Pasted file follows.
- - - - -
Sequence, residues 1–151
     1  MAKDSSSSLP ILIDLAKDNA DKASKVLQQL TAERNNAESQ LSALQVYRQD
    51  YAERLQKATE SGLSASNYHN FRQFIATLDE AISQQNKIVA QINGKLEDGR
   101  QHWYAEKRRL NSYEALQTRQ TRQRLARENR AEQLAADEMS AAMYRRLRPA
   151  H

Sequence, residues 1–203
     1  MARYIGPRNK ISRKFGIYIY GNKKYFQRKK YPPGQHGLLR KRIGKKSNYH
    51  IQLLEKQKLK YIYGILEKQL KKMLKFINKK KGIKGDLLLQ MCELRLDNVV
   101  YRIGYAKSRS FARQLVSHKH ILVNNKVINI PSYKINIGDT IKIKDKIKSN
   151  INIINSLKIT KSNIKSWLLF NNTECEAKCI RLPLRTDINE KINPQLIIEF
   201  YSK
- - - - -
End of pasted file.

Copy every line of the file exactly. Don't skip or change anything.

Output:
Sequence, residues 1–151
     1  MAKDSSSSLP ILIDLAKDNA DKASKVLQQL TAERNNAESQ LSALQVYRQD
    51  YAERLQKATE SGLSASNYHN FRQFIATLDE AISQQNKIVA QINGKLEDGR
   101  QHWYAEKRRL NSYEALQTRQ TRQRLARENR AEQLAADEMS AAMYRRLRPA
   151  H

Sequence, residues 1–203
     1  MARYIGPRNK ISRKFGIYIY GNKKYFQRKK YPPGQHGLLR KRIGKKSNYH
    51  IQLLEKQKLK YIYGILEKQL KKMLKFINKK KGIKGDLLLQ MCELRLDNVV
   101  YRIGYAKSRS FARQLVSHKH ILVNNKVINI PSYKINIGDT IKIKDKIKSN
   151  INIINSLKIT KSNIKSWLLF NNTECEAKCI RLPLRTDINE KINPQLIIEF
   201  YSK